Dr Jan J. Saave, Medico extraordinaire, Malariologist, Maestro, Mentor, Linguist, and Officer of the British Empire.

April 29, 2013 at 9:14 am (Bill Brown, Commentary, Don Coffey, Dr Jan J Saave, East Sepik District, expatriates, Jim Van Der Kamp, malaria control, Maprik, Papua New Guinea)

Dave Wall & Jan Saave, some years after they left PNG

Dave Wall & Jan Saave, some years after they left PNG

“Dr Jan SAAVE, OBE (4 October 2006, aged 86 years)

“From early post Pacific War to beyond Independence Jan was a government Medical Officer in PNG and for many years directed the Malaria Eradication Program.” Harry West

Source: PNGAA Obituaries

In 1999 & 2000, Dave Wall, met up again, with his much admired, and former boss, Dr Jan J. Saave, Medico extraordinaire, Malariologist, Maestro, Mentor, Linguist,  and Officer of the British Empire. The years they served together, in Papua New Guinea, enhanced the respect Dave had for Jan, and in their meetings in Sydney, so well captured in the above photos, we see clearly the deference and respect shown by Dave towards Jan.

Jim Van Der Kamp said,

April 1, 2010 at 2:39 am

“The first Malariologist in the then Territory of Papua and New Guinea was Dr.Peters who insisted that he be given sufficient funds to run a Malaria Eradication Programme being extremely expensive but limited in time. He was denied this and told to run a Control Programme, cheaper but unlimited in time. Peters resigned and Dr Jan J Saave who was a surgeon in Rabaul, took up the post under the condition that he would not be interferred with. This was approved and more or less gave him a free go as how to run his Mal-Con programme. One great disadvantage was that he was not permitted to recruit European staff overseas which left him with only being able to recruit Europeans already in the Terrtory. Dr. Peters by the way became Professor Peters of the Department of Parasitology at the Liverpool University, U.K.
“Dr Saave took on his new position with great enthusiasm. He was a very hard worker. He soon became known for his extarordinairy word choices and abbreviations. I remember: WAF, Walking About Fever, CBF, Confirmed to Bed Fever. DDD, Drug Distributin Day, amongst many more. On his visits he would give his field officers a notebook full of assignments, and he must have known that it was virtually impossible to complete all these tasks in the given time. However, he never commented if a task was not fulfilled. Off duty he was a great lover of good food and liked his cold beer, in scooners. When he was promoted, the programme was never the same, never so exciting and colourful. Dr Saave would never say, e.g: “Now listen Jim” but it was always: “My dear friend” with his index finger up. He made a lot of friends but unfortunately it was inevitable to have made enemies as well.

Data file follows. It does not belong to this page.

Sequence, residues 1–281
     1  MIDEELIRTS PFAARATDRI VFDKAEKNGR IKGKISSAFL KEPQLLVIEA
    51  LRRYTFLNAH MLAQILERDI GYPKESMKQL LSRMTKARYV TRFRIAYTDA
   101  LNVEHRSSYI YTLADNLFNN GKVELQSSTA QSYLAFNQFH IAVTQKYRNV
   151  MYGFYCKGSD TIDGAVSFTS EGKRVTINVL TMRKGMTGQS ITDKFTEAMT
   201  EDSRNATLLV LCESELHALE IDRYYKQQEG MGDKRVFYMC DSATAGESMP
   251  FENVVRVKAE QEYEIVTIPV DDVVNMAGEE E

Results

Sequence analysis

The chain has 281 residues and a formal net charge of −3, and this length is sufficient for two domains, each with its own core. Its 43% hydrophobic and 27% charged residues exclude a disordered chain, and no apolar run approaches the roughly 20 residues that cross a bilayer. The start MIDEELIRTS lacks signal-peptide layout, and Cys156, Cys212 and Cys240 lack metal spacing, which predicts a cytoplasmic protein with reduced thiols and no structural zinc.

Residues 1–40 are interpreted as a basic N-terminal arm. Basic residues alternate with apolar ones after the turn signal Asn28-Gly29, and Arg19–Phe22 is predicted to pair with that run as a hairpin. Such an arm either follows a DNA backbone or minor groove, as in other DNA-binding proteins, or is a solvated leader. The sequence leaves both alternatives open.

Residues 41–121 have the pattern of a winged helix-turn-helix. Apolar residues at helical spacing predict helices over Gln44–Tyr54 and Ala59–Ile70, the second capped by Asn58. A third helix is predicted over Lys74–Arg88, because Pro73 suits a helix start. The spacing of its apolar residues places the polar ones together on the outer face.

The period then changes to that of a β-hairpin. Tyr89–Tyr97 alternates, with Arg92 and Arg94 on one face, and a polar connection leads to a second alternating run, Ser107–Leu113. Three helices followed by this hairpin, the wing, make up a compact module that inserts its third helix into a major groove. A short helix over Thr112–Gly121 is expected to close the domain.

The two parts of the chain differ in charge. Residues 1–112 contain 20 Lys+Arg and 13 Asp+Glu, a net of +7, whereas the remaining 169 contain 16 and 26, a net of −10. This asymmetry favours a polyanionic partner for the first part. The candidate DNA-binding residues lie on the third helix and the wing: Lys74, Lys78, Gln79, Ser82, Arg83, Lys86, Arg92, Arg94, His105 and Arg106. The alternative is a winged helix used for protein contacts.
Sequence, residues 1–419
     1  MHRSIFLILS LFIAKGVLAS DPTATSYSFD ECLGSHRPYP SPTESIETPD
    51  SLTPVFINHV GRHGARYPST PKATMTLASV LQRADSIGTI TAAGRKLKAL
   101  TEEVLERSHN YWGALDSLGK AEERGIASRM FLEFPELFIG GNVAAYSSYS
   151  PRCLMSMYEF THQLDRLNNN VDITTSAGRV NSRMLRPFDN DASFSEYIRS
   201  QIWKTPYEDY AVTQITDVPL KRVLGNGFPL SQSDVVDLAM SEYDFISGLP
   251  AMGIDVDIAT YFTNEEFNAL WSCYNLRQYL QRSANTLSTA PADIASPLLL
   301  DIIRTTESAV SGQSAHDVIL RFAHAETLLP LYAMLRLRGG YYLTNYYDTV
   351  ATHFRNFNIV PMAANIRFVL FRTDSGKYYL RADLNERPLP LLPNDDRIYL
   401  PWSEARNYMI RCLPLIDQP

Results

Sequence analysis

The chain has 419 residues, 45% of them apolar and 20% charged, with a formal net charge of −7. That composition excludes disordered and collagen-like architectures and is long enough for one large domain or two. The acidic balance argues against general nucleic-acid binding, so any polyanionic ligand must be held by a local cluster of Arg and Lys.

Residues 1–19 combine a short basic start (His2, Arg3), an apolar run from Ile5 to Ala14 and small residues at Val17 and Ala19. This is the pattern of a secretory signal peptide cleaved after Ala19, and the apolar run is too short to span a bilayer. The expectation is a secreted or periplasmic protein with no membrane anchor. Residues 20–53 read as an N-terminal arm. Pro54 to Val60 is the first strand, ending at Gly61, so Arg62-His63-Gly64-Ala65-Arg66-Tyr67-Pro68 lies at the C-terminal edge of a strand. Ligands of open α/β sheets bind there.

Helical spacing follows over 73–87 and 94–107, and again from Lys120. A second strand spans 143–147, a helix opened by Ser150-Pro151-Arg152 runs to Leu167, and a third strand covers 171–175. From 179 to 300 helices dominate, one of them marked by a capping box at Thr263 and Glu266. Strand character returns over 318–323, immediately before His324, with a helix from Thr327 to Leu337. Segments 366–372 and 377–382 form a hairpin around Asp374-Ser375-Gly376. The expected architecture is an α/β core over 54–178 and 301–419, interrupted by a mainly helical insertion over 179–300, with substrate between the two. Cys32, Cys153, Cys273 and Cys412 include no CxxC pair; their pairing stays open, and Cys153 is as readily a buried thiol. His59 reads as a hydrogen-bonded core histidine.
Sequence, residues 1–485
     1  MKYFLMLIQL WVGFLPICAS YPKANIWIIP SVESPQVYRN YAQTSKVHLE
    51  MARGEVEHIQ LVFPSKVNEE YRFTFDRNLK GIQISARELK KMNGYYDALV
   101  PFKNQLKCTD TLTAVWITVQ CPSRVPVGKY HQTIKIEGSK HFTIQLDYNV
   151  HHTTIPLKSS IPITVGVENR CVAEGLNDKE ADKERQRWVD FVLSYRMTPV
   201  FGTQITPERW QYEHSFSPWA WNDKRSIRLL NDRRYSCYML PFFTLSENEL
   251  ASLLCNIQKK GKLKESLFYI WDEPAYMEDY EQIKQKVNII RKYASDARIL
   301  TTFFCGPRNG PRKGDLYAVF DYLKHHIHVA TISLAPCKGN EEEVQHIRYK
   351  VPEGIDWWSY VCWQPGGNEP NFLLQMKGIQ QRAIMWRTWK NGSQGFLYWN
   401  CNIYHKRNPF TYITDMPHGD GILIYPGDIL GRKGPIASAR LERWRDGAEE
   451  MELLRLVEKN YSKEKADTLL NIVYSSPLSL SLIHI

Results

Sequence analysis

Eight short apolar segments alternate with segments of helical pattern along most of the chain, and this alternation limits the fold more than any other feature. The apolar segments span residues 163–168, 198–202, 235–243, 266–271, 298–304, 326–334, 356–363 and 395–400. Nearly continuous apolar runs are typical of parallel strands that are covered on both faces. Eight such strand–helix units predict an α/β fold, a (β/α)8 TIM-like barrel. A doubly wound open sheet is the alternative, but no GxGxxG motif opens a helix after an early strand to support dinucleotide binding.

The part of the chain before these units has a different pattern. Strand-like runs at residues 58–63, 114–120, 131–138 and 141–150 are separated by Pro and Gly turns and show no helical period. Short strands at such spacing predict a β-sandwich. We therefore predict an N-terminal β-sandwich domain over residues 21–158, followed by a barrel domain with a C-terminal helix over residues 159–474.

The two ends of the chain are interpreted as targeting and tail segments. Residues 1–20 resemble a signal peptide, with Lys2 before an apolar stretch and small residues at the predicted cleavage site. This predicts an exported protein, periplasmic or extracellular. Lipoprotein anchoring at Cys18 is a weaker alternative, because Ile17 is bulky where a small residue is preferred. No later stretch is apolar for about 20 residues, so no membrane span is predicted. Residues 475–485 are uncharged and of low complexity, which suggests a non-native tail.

“I always remained grateful to him for having recruited me in January 1965 in Port Moresby. I was only 24 years old.”

From the above readers will be able to ascertain the respect that Jan Saave was held in.

Thinking about Jan a rather amusing little encounter we had many years ago comes to mind. It would have been 1965 when I was stationed at Maprik in the then East Sepik District of PNG.

There was a section in the area of malaria control that was overdue for operations. However, there was no money available to patrol and carry out these operations. This situation I made known to Malaria Service Headquarters in Moresby.

A radiogram was sent to me, presumingly from Dr Jan Saave, stating that my excuses were entirely unacceptable, and I was ordered to proceed immediately with operations, and if nesessary to utilize private funds.

After receiving this radiogram I answered by radiogram advising that I had no private funds available, and I suggested that the hat be passed around headquarters.

Don Coffey was running the post office and radio at Maprik, and skeds in the country were  an open medium for anyone to listen into. With the result that the whole station was rather amused by the radiograms. Even the ADC, Bill Brown, got a kick out of them. Bill was usually rather humourless in official matters, being a proficient and astute officer. As a result of my radiogram, I think Bill respected me somewhat more than he had previously.

A colleague of mine in the Service was visiting Moresby Headquarters at the time, and he told me that Jan picked up my radiogram in his presence, and remarked in some disgust : “This type of communication from a field officer!”

I might point out that official funds did arrive shortly after the radiograms. Don Coffey did ask me if the hat had been passed around Headquarters.

In spite of this amusing exchange I always retained a liking and respect for Dr Saave, and I often wish he was still around.

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1 Comment

  1. Lunch at Dreikikir, East Sepik District, Papua New Guinea | Stories by David Wall said,

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